Chinese buyers snap up most of ritziest homes

Real estate bubble trouble may be on horizon: report

Rudy Nielsen is president of Landcor Data Group.

The China syndrome stoking Metro Vancouver home prices is very real, according to a new study of B.C.’s real estate markets.

Landcor Data Corp. examined luxury home sales over the past three years in Richmond and Vancouver’s west side and found a large and growing proportion of buyers are likely from mainland China.

President Rudy Nielsen said his researchers conducted the survey to either verify or disprove anecdotal claims by realtors that Chinese buyers are increasingly skewing the higher end of the Metro market.

Landcor looked at transactions and flagged buyers with pure Chinese names who have spellings typical in the People’s Republic of China, filtering out those with Westernized first names as well as non-Chinese names.

They found 74 per cent or 122 out of the 164 homes sold in 2010 above the “luxury” threshold ($3 million for houses on Vancouver’s west side and $2 million for condos in Richmond) were bought by buyers who fit the mainland China profile.

That was a jump from 2009, when 68 per cent of luxury homes (49 out of 72) in the two areas were matched to likely Chinese buyers.

In 2008, 46 per cent or 32 out of 69 sales fit the profile.

“Definitely the Chinese are here and they’re buying,” Nielsen said.

The same phenomenon of increased Chinese buying is being reported in more desirable neighbourhoods from White Rock to the North Shore.

“The Chinese investor is investing or buying in certain areas but not every area,” Nielsen said. “Hot areas were Richmond, parts of Vancouver, West Vancouver and believe it or not, South Surrey.”

South Surrey – where Nielsen lives – offers Chinese buyers an unheard of chance to get an acre or two of land in a good area near good schools, he said.

“The for sale signs don’t last more than a week,” he said. “They love it here.”

Clean environment, a stable economy and safe society are among the attractants.

There’s some trickle down to other areas and lower-end segments of the market, he said, but called those impacts minor.

The average price of Metro Vancouver detached houses has climbed to $807,000 in the first quarter of this year, up 11.9 per cent from a year earlier.

Prices have risen swiftly in Richmond, where median house prices broke through $1 million earlier this year.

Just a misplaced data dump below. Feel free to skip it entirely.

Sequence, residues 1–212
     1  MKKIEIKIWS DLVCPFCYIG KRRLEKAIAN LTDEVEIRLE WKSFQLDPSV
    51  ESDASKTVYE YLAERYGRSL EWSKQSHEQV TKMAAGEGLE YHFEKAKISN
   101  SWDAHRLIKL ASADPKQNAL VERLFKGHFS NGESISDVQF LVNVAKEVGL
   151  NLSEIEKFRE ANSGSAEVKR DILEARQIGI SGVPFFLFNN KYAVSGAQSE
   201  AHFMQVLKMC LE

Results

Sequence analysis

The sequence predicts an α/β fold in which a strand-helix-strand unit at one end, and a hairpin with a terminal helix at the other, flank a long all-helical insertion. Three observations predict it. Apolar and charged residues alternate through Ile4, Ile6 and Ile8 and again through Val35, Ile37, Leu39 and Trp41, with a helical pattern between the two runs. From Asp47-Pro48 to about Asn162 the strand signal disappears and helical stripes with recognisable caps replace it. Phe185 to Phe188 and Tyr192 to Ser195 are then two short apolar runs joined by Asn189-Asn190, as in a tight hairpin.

Nielsen is quick to point out Landcor’s senior data analyst who crunched the numbers hails from the city of Wuhu in China’s Anhui province and says the research firm has no position on complaints foreign buyers are hurting the affordability of housing in B.C.

China’s government has sought to rein in “wildly overheated” housing markets in Shanghai, the report says, prompting the middle class in China to move more of its growing wealth offshore, to perceived save havens that include Metro Vancouver.

But Nielsen said other offshore investors are also arriving, adding he has similar wealthy clients from Europe and California looking for an escape home in the Vancouver area in case of economic collapse and unrest back home.

“So far, the Chinese are the big players.”

The appetite of Chinese firms for B.C.’s commodities is also being felt in the rest of the province.

The Landcor report notes Chinese state firms recently bought into a major gas field near Dawson Creek and took over a pulp mill at Port Alice.

But Landcor warns Canada’s resource boom and soaring dollar could eventually end in a crash that could also see a flight of Chinese investment dollars out of B.C.

“The PRC is heavily investing in Metro Vancouver for homes (and) outer B.C. for steady resource pools, but for how long?” it asks. “Bubbles can certainly burst and the economic shrapnel could be painful.”

The risk, it notes, is that the rocketing resource sector and resulting high Canadian dollar drives out domestic manufacturing, tourism and other less volatile industries, leaving the country ever more dependent on the commodity boom and facing worse pain when it turns to bust.

Governments and households should all pay down debt and amass savings for the commodity crunch to come, it says.

“But what should be done and what’s being done are very different.”

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